–Ford Atlas: I wasn’t necessarily swept off my feet by the Atlas concept’s styling or active aero features, but I was by its cargo box. I witnessed what one Ford rep jokingly called “Man Step 2.0” in action, but it’s hardly just a step anymore. With the gate down, it can double as a bed extender; with the gate closed, it can rise up to serve as a carrier for ladders and other long cargo, negating the need for expensive aftermarket racks. I was completely blown away when I later discovered the bed also had integrated ramps.
This. Needs. To. Happen. ASAP. I’m tired of shilling out for expensive, bulky ramps to load my Honda Super Cub/ leaf chipper/ other large, heavy, motorized ferrous items in the back of a pickup, and then having no good spot to carry or store them while in transit.
–Acura NSX: Yeah, I know we’ve seen this before, but it’s nice to see the next Honda/Acura sports car project has progressed beyond a static display model. We now have a concept car that not only boasts a cabin for the first time ever, but also rides upon a preliminary mockup of the new car’s architecture. The new interior is attractive, looks upscale, and has more than a brief hint of Lexus LFA within; outside, the exterior is virtually unspoiled by the evolution. I like it – but then again, I’m a sucker for wispy flying buttresses.
–Jeep Grand Cherokee: I know this is technically a mid-cycle refresh, but there’s actually a fair amount packed into this update. The eight-speed automatic is a welcome addition, as is the advent of the 3.0-liter turbo-diesel V-6. The diesel allows the Grand Cherokee to tow like a Hemi, but manages to sip less fuel than if the SUV were built with the 3.6-liter V-6. That 30-mpg highway rating (28 mpg on 4×4 models) is also quite tempting.
-Shelby Ford Focus ST: Are you ready to pony up $15k for a widebody kit, new wheels, obnoxious exterior graphics, and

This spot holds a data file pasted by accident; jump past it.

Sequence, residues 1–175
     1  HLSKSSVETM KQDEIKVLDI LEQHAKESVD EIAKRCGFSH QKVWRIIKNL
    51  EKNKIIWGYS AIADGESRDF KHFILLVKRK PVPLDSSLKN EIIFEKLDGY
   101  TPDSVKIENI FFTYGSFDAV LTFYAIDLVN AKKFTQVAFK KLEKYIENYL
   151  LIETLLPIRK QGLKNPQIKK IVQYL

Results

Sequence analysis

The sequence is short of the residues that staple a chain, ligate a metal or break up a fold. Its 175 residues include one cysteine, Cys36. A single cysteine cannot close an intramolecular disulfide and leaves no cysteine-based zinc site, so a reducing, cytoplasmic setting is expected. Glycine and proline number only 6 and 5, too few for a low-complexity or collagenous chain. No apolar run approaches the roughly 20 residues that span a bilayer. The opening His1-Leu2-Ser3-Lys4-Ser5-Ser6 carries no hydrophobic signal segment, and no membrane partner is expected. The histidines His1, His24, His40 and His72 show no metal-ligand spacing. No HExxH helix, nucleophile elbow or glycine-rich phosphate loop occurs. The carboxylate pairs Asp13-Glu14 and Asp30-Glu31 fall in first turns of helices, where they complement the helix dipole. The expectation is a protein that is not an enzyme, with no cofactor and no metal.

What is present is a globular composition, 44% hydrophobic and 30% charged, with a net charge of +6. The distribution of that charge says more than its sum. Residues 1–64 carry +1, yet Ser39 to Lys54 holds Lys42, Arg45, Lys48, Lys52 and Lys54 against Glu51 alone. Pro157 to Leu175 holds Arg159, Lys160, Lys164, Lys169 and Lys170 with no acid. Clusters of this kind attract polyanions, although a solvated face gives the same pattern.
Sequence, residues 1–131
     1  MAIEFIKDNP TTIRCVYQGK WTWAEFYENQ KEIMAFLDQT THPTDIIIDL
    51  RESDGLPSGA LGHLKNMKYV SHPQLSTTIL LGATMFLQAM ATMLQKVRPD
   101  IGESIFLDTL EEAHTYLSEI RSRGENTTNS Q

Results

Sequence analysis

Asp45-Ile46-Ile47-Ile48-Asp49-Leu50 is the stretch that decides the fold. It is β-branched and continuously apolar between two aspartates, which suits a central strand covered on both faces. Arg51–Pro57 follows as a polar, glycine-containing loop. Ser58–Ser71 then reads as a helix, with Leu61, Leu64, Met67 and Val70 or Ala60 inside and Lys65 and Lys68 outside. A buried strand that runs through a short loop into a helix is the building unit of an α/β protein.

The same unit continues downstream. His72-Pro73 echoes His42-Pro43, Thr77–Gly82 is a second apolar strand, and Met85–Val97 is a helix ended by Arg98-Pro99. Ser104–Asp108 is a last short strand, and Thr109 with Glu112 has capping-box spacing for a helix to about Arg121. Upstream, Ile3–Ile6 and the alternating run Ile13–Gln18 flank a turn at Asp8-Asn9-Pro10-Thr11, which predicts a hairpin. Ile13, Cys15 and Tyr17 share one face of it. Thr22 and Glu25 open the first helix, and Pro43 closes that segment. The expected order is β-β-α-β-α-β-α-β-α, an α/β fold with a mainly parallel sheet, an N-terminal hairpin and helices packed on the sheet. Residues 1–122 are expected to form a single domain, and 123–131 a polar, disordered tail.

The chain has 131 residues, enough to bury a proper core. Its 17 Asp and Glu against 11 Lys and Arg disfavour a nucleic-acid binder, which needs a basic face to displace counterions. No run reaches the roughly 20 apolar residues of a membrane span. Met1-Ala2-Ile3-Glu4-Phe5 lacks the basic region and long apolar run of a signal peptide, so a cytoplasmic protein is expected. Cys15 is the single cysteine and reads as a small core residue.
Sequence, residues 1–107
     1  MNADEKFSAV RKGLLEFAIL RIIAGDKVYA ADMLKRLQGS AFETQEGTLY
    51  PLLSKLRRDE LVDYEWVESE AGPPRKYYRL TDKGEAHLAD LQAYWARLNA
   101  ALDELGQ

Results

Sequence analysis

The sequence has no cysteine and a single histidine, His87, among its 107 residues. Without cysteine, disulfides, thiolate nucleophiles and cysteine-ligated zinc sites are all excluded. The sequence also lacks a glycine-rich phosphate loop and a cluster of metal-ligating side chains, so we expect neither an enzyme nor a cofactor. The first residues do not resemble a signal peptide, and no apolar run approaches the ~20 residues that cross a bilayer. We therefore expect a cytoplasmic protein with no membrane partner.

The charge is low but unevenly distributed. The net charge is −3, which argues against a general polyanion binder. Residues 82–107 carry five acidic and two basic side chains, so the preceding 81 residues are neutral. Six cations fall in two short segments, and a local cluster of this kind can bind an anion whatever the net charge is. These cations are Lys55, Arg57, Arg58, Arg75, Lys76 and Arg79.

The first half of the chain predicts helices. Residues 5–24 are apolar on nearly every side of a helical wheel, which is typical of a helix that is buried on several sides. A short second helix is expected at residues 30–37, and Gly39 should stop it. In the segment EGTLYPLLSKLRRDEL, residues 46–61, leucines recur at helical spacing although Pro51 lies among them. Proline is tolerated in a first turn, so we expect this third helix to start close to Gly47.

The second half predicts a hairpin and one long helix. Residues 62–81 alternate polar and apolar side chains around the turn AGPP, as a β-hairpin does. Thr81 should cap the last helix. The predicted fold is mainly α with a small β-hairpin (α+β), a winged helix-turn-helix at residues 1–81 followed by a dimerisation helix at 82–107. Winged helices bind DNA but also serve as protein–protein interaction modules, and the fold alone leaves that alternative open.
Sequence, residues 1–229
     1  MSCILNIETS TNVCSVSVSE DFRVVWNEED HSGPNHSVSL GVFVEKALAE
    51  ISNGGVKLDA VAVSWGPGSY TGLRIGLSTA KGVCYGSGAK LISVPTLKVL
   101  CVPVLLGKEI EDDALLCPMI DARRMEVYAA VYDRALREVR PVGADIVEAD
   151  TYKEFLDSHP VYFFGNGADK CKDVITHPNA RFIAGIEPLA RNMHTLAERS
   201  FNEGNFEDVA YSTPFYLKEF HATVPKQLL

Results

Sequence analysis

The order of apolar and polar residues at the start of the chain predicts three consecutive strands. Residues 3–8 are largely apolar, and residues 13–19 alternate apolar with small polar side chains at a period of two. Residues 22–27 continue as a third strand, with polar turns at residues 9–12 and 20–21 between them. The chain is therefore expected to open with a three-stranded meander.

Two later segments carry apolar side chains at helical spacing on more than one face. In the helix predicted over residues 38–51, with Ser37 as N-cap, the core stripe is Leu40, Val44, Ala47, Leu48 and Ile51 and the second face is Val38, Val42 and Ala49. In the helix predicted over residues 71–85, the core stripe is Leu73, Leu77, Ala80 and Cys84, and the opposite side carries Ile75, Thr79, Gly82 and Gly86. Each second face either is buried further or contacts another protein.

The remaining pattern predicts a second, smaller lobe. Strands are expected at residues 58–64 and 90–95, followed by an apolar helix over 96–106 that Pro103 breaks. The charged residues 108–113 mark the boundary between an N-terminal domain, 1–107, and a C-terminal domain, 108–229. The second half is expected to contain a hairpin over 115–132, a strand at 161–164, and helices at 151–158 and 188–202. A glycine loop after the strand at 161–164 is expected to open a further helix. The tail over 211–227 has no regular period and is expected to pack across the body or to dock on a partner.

— wait for it — no power upgrades? I’m not, but if you feel the need for some reason, Shelby American has the aftermarket package for you.
–Hyundai HCD 14: My first glimpse of Hyundai’s luxo-barge concept came from a rear three-quarters perspective. From here, I loved what I saw – the car’s sides are muscular but clean; the cabin is dramatically waaaaaay back; and the cabin design is tidy. Then I happened to walk up front. I’m not sure I quite agree with Robert Cumberford’s anatomical analogy (#sphincter), but the front fascia looks like an afterthought – it’s nowhere as seductive or sorted as the other 98% of the car. Pity, as I was so close to naming this a show hit.
–Chevrolet Silverado Display: I’m underwhelmed with GM’s full-size trucks by and large, but I’m even more let down by the caliber of the display they’re placed on here at NAIAS. Look, I’m okay with not letting the public into your early prototype builds and letting them interact with interior materials that aren’t quite up to snuff, but if you’re going to display a mock-up of the instrument panel for us to inspect, you might want to re-think showing a cluster display screen that indicates there’s a glitch with the forward-facing camera.
Also, whoever orchestrated the timeline of Chevy Truck history with 1/24-scale models overlooked one detail: the so-called 1918 Chevy was, actually, a Ford Model T – as evidenced by the “Ford” script on the grille. Thankfully, the Ford replica disappeared from the case by Tuesday afternoon.